It is estimated that about 1.2 million pregnancies each year can be attributed to inconsistent or incorrect contraception use. Forgetting one to three pills per cycle is a frequent problem, and is more common in adolescents and young adults. Missing or forgetting to take the pill is reported as one of the main reasons for seeking emergency contraception. With correct use, oral contraceptives have only a 1% risk of unintended pregnancy.

Taking the Pill can be Stressful!

© Aavia smart pill case, 2019

In one study, high perceived stress was associated with missing a pill. In other words, stressful and hectic lives may contribute to poor birth control adherence. It can be one more thing to do in your already demanding life. Having a daily routine improves consistent birth control use and effectiveness. Of birth control users who never miss a pill, 90% have a routine that involves taking the pill at the same time everyday. In a survey of college students, the only significant difference between those who tend to miss pills and those who don’t, was having a fixed time for taking oral contraceptives. When looking at psychological factors which reduced missing pills, the study noted that the only factor was feeling a higher sense of control in planning around and taking the pill.

Forgetfulness may be mitigated by reminder systems (eg smartphone apps). In a study employing daily email reminders, those who received reminders tended to not miss oral contraceptives. Subjectively, most women found the daily emails somewhat or very helpful for remembering to take the pill daily. After the study was completed, most women wanted to continue received the reminders. In another study, daily text reminders that included an educational message significantly reduced the number of women who experienced a lapse in use.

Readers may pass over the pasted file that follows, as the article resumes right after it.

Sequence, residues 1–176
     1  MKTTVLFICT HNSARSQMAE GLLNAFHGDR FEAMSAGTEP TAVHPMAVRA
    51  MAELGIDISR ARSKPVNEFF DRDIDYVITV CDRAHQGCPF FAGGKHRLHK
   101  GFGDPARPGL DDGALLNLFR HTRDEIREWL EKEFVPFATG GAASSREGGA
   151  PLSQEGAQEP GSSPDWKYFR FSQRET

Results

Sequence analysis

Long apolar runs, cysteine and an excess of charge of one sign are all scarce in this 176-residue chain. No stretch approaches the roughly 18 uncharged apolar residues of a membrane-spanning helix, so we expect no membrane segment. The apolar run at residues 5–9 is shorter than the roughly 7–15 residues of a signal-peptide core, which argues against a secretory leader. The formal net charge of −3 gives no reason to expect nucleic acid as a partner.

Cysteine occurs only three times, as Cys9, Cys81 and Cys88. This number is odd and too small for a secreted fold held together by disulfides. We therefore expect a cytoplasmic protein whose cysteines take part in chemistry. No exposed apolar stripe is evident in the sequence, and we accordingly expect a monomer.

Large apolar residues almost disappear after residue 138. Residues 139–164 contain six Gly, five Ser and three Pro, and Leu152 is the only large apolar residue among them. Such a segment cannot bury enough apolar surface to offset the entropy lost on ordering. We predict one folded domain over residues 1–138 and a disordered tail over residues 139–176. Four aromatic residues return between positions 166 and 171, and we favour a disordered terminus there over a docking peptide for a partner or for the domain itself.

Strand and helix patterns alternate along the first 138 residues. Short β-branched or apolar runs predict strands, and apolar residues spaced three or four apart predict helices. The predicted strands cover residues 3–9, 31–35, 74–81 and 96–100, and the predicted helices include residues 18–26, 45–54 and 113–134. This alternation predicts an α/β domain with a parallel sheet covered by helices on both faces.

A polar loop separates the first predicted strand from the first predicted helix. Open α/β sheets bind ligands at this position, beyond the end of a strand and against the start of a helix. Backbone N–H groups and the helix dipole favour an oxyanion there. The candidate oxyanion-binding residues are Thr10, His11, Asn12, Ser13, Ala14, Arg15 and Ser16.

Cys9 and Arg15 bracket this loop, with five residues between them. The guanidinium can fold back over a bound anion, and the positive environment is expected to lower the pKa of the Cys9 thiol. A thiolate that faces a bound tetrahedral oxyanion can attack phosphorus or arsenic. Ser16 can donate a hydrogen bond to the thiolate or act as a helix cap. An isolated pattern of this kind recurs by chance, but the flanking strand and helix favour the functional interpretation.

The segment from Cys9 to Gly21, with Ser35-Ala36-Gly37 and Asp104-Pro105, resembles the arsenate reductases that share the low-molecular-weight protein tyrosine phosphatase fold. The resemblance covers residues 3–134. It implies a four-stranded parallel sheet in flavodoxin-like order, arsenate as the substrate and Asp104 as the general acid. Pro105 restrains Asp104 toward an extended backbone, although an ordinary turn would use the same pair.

We all have different lives and routines, and it’s important that each person figures out the lifestyle that suits them—starting with making your birth control work for you.


Dr. Uma Lerner is a practicing Psychiatrist based in San Francisco. Dr. Lerner utilizes a combination of cognitive-behavioral, mindfulness, and psychodynamic techniques in addition to medication management and specializes in depression, anxiety, bipolar disorder, ADHD, life transitions, grief, and loss. Dr. Lerner is an Assistant Clinical Professor of Psychiatry at the University of California, San Francisco Medical School, where she teaches and supervises medical students and psychiatry residents.

She has expertise in managing psychiatric and emotional challenges during pregnancy and while breastfeeding. You can learn more about Dr. Lerner’s practice here.

*No information on this post should be relied upon to make a medical diagnosis, or determine treatment for a medical condition. The information on this website is not intended to replace a one-on-one relationship with a qualified health care professional and is not intended as medical advice. Though I am a physician, my blog posts are for information purposes only and shouldn’t be seen as medical advice. Different people react to hormones differently, and it is important to be clinically evaluated and talk about your specific situation with your doctor.


Sources:

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Beral V, et al. Ovarian cancer and oral contraceptives: collaborative reanalysis of data from 45 epidemiological studies including 23,257 women with ovarian cancer and 87,303 controls. Lancet 2008;371(9609), 303–314.